Is prudential tinkering our salvation?
We live in a developed western world where the heuristics of economics, the normal policy responses learned through past experience, seem irrelevant.
As just two examples, neither the US or UK economies have bounced back in the way history has suggested they should have done since the financial crash and shock of 2007-8. In the UK for example, GDP (national income) is a fifth lower than it would have been, had the pre-crisis trends resumed.
But, as the governor of the Bank of England reminded us last night in a speech in New York, if the unemployment rate had risen as it has done in previous periods of recession and stagnation, it would today be 14% in the UK, as opposed to the current 7.6%.
Or to put it another way, there is good and bad news in our recent economic performance. That said, economists being economists don't always see the ostensible good news as benign. So, for example, the growth of employment at a time of anaemic recovery is seen by some as evidence that there has been a permanent reduction in productivity, which reduces our long-term growth prospects.
As it happens, that pessimism isn't shared by the Bank of England, though the government's Office of Budget Responsibility appears more prone to the glass-half-empty view.
Food prices in an independent Scotland
It is a statement of the bloomin' obvious that businesses behave differently in different countries.
It is equally obvious that if Scotland becomes a separate nation, businesses that straddle the borders of Scotland and the rest of the UK will - over time - assess questions such as where they invest and how they price on the basis of national conditions.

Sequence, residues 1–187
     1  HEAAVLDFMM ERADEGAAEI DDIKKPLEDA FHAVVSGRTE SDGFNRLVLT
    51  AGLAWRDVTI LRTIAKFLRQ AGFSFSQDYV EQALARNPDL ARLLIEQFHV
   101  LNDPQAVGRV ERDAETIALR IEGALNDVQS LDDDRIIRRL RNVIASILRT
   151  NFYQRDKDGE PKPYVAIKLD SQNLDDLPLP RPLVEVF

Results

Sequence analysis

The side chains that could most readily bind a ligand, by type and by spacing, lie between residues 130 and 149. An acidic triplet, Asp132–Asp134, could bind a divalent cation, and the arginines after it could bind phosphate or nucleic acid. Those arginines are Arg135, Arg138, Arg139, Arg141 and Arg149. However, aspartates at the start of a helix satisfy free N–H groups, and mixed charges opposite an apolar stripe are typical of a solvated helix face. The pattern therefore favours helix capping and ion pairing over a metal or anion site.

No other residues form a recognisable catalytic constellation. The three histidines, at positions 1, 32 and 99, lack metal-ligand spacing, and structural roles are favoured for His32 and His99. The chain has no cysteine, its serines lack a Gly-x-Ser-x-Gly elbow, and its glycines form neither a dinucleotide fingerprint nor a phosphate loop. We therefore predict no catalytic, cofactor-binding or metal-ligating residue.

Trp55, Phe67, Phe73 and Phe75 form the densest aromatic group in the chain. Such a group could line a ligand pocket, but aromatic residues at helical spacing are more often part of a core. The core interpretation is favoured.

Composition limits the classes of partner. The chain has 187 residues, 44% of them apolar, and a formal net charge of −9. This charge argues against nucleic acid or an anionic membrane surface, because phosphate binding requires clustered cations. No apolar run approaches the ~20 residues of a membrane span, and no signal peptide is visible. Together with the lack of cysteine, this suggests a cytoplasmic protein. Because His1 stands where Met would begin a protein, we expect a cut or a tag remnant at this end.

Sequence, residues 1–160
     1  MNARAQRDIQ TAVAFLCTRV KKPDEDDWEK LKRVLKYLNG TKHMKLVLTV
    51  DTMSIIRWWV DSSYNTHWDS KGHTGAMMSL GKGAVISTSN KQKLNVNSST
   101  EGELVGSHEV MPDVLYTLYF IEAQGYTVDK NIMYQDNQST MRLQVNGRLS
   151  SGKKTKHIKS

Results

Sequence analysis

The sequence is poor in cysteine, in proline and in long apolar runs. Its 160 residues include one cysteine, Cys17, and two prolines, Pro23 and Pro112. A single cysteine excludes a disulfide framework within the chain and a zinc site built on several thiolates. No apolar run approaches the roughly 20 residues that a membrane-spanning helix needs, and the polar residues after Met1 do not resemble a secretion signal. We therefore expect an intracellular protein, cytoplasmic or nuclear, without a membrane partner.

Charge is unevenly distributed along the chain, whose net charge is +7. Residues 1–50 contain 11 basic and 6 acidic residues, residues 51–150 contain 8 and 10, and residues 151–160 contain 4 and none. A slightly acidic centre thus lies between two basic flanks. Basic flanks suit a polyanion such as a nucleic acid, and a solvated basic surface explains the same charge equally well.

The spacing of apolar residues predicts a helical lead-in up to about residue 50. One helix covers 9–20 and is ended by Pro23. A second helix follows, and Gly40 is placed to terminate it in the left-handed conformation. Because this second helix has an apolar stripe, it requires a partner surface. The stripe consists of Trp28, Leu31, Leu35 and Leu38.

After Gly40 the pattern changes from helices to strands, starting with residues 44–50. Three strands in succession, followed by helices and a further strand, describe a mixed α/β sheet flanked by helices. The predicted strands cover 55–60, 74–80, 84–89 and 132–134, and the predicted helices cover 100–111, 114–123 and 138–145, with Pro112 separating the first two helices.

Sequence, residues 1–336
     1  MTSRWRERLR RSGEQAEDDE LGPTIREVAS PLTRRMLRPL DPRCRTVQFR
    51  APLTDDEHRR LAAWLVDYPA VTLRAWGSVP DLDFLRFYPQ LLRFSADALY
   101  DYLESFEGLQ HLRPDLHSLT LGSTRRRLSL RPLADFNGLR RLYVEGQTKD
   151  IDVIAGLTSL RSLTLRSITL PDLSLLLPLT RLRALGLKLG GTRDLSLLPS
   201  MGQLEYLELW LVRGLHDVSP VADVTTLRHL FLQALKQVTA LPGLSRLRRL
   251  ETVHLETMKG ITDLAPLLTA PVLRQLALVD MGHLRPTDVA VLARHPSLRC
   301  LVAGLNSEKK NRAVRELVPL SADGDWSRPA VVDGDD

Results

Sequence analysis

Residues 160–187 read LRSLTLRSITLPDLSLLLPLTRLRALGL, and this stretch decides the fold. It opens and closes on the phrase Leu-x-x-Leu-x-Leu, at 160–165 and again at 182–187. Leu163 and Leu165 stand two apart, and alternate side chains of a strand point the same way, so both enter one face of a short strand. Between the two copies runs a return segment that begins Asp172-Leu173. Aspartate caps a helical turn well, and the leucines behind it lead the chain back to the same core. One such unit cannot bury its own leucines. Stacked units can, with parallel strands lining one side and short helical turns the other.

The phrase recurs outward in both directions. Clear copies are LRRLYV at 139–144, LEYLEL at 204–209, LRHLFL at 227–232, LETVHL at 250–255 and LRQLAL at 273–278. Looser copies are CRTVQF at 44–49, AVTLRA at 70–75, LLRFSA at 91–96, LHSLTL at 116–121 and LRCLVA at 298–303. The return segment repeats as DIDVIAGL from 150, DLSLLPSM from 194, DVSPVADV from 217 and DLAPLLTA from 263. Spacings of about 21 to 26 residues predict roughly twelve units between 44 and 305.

Britain's curious consumer-led recovery
On the Office for Budget Responsibility's analysis of what's going on in the British economy, there is a bit of a mystery about why the recovery is happening now, as opposed to last year or next year or some other time.
What I mean by that is that the recovery has been driven, on the OBR's analysis, by households spending a good deal more than it and other economists anticipated.
Chancellor’s return to 1948
There are a number of striking assertions by the Office of Budget Responsibility, whose forecasts underpinned the chancellor's Autumn Statement.
One is that by 2018-19, when the OBR expects the budget to be in surplus, as a result of a projected fall in the annual deficit by a remarkable 11.1% of GDP, government's "consumption of goods and services - a rough proxy for day-to-day spending on public services and administration - will shrink to its smallest share of national income at least since 1948, when comparable National Accounts data are first available".
Treasury argues for tax cuts
Last night the Treasury published a two-page summary of new analysis it has carried out on the "dynamic" effects of cutting taxes.
What it shows, says the Treasury, is that the cuts the chancellor has made, and is still making, to the rate of corporation tax will, over 20 years:
UK economy and Tesco diverge
Tesco this morning announced that in the three months to 23 November, underlying or like-for-like sales in the UK were down either 1.4%, or 1.5%, or 1.6%, depending on which of the three blinkin' measures published by the giant grocer is the most reliable.
There is no point in getting into the nuances of the calculation of this measure of sales, since they all tell the same story - sales down.